Prints Are a Way to Collect Otherwise Impossible-to-Get Artists
For all but the very top one percent of art lovers, collecting a great work by a top artist can seem impossible. Along with the issue of scarcity, works by high-demand artists are often astronomically expensive and far out of reach for most collectors. But there is still a way to collect works by these impossible-to-collect artists.
“One might ask themselves, ‘How could I ever collect a work by James Turrell?’ You wait eight hours to see his work at the Guggenheim, and people travel from all around the world to see his site-specific pieces,” said Jenny Gibbs, the executive director of the International Fine Print Dealers Association (IFPDA). “Many people don’t realize he’s also an avid printmaker!”
This year, accompanying the very first hybrid online and in-person edition of its Fine Art Print Fair, the IFPDA is also hosting its first-ever Print Month, which includes daily virtual programming with printmakers, curators, artists, and collectors. With more than 100 galleries, fine art presses, and print studios participating worldwide, a good number of the fair’s virtual booths feature prints by artists who are otherwise inaccessible.
At Dolan/Maxwell’s booth, for instance, one can find prints by the late painter Jacob Lawrence alongside work by Elizabeth Catlett. In recent years, Lawrence has received long-overdue recognition, with works consistently breaking auction records. His prints, however, have yet to reach the secondary market.
In addition to historic works, the fair is also debuting a number of exciting new editions by hot-ticket contemporary artists. Kiki Smith’s new print series will be on view at the Universal Limited Art Editions (ULAE) booth, and Wisconsin’s Tandem Press will be sharing new editions by Derrick Adams. “Jay-Z collects Derrick Adams,” said Gibbs, emphasizing the excitement around the multidisciplinary artist’s work. “If you think, ‘How could I ever afford to collect someone that Jay-Z collects?’ the answer is in some of these new editions.”
Along with Turrell and Adams, Gibbs also noted Richard Serra’s long career as a printmaker. “Gemini G.E.L. has produced a couple of amazing editions that really capture the scale of his work and the texture, but on really subtly toned paper,” she said. “If I were a collector starting out and looking for impossible artists, Serra and Turrell would be my top two.”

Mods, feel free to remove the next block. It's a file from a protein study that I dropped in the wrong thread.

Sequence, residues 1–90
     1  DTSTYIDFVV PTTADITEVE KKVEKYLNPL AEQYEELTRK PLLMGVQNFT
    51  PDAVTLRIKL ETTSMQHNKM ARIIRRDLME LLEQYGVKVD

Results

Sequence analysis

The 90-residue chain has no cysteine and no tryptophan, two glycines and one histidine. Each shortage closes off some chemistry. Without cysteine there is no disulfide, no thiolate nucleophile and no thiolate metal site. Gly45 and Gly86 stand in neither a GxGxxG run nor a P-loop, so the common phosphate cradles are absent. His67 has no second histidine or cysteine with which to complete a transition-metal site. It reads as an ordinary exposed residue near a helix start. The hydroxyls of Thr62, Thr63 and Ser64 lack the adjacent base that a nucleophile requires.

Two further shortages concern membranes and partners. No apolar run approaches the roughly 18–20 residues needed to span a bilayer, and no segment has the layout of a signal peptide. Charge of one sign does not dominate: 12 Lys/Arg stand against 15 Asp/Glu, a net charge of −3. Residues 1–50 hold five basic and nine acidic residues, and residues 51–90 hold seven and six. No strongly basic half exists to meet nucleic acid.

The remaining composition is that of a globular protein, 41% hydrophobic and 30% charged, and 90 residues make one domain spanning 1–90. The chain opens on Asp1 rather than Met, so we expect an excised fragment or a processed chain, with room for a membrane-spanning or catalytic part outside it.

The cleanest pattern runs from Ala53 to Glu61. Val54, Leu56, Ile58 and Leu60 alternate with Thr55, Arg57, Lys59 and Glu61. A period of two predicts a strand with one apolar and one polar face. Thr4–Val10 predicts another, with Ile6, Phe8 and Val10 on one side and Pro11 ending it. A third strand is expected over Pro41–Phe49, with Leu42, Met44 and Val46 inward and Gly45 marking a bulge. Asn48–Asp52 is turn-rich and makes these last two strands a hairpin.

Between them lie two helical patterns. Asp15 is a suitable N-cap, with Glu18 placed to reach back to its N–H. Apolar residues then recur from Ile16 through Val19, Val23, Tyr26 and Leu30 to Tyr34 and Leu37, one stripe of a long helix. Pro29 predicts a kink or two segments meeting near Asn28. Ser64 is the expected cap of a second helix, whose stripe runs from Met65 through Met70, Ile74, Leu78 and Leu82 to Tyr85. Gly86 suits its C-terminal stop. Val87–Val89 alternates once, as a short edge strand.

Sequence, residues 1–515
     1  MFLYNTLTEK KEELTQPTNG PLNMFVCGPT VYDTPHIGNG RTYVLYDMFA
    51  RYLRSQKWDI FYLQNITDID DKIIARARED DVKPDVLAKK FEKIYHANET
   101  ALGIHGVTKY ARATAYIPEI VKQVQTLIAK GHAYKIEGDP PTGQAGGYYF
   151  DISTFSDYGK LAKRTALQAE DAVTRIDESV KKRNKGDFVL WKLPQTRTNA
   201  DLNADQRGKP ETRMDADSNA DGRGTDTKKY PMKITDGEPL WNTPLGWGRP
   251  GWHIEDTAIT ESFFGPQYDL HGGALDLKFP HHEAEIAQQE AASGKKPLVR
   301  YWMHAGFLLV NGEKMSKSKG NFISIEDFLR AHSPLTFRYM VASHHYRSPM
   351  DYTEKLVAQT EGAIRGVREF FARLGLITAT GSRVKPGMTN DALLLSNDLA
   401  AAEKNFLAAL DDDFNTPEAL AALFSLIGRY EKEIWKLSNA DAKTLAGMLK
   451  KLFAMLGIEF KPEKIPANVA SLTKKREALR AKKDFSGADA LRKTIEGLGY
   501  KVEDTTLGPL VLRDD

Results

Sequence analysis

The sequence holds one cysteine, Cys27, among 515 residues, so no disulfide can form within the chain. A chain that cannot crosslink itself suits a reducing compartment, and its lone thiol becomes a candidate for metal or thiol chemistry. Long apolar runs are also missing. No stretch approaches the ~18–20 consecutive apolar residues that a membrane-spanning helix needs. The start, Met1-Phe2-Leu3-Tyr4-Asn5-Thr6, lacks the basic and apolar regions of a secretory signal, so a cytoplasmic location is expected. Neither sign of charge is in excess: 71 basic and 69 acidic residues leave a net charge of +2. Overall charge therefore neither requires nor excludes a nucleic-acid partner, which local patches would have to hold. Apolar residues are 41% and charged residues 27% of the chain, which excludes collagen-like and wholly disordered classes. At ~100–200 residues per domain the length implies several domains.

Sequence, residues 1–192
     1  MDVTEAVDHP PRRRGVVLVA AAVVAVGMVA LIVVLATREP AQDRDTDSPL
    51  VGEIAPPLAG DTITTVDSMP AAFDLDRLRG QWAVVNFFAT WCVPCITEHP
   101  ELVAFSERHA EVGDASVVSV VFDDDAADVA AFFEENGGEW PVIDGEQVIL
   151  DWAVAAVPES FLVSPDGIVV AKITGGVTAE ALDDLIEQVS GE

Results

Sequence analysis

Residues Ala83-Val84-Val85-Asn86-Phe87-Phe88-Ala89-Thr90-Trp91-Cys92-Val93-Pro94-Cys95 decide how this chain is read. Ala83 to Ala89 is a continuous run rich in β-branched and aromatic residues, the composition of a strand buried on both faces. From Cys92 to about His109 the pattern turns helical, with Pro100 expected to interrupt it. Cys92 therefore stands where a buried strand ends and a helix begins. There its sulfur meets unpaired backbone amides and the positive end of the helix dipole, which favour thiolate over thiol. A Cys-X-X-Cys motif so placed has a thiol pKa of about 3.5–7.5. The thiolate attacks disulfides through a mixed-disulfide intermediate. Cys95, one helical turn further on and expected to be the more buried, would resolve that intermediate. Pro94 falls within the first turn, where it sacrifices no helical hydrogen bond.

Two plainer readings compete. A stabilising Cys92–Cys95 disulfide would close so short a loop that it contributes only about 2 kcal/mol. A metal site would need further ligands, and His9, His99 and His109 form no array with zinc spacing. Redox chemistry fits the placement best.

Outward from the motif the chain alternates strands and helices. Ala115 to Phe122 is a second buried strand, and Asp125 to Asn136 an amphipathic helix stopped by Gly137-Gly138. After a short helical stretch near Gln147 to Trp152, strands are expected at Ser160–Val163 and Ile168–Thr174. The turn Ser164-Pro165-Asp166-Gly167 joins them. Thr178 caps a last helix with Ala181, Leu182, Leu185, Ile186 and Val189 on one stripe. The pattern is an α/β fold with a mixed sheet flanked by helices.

For Dakota Sica, director at New York gallery Leslie Feely, collecting prints by big-name artists is a way to get a foot in the door of serious collecting. “These brand-name artists have gotten so expensive both at auction and at galleries that collecting their editions is the only sensible way to be part of that conversation and live with great works without breaking the bank,” he said. “It’s a really easy way to climb the ladder and build your collections.” The gallery’s online presentation for IFPDA features prints by blockbuster artists including Richard Diebenkorn, David Hockney, and Kenneth Noland, and is accompanied by an in-person exhibition.
Investing in an artist’s printmaking practice can also open up entirely new avenues of appreciation. “The printmaking technique offers even further insight to the artist’s practice and expression,” explained David Blum of Peter Blum Gallery. His father, Peter, had been publishing prints and editions since 1981; along with the gallery, David inherited an intimate understanding of the medium and the close collaborative process and exchange between printer, publisher, and artist. The gallery’s IFPDA viewing room features works by the Tlingit/Unangax̂ artist Nicholas Galanin.
“It’s a whole other way to get to know an artist you’re a fan of,” echoed Sica. “There are certain artists who, in addition to their painting or sculpture practice, are also great printmakers. Diebenkorn is an artist we work with a lot. Robert Motherwell and Helen Frankenthaler are also equally phenomenal printmakers.”
Still, while prints by these artists are often significantly more affordable than works in other media, they can be quite expensive. The plus side, however, is that prints frequently offer a much broader range of price points depending on factors that include the edition size, the colors used, and the dimensions of the print. This allows for greater opportunity and access to a single image.
“Some of Diebenkorn’s ‘Ocean Park’ prints can go for half a million a piece, but then there are other ‘Ocean Park’ [works] from the same suite that are around $15,000 to $20,000,” Sica explained. “You can buy a black-and-white ‘Ocean Park’ etching for $2,500.” Collectors can also feel confident these works will generally appreciate in value—assuming they are well cared-for—because they are made by artists who devoted years of their practices to the medium.
“If you think about the most famous artists—Picasso, Rembrandt, Matisse, Dürer—they were all avid printmakers,” said Gibbs. While great paintings by any of these artists typically cost a minimum of tens of millions of dollars, their prints can range anywhere between four and six digits, giving more people access to the artists they love. Last night, for instance, Christie’s sold the Picasso portrait painting Femme dans un fauteuil (1941) for $29.5 million; last month, meanwhile, the auction house sold a print of the artist’s 1949 lithograph Tête de jeune fille for a comparably very affordable price of £16,250 ($20,900).
What these prints make abundantly clear is that collectors need not spend their life’s fortune on a singular piece by a great artist. Collecting prints offers a low-risk opportunity to invest in and live with work that’s often impossible to get a hold of, allowing more and more people to participate in their market.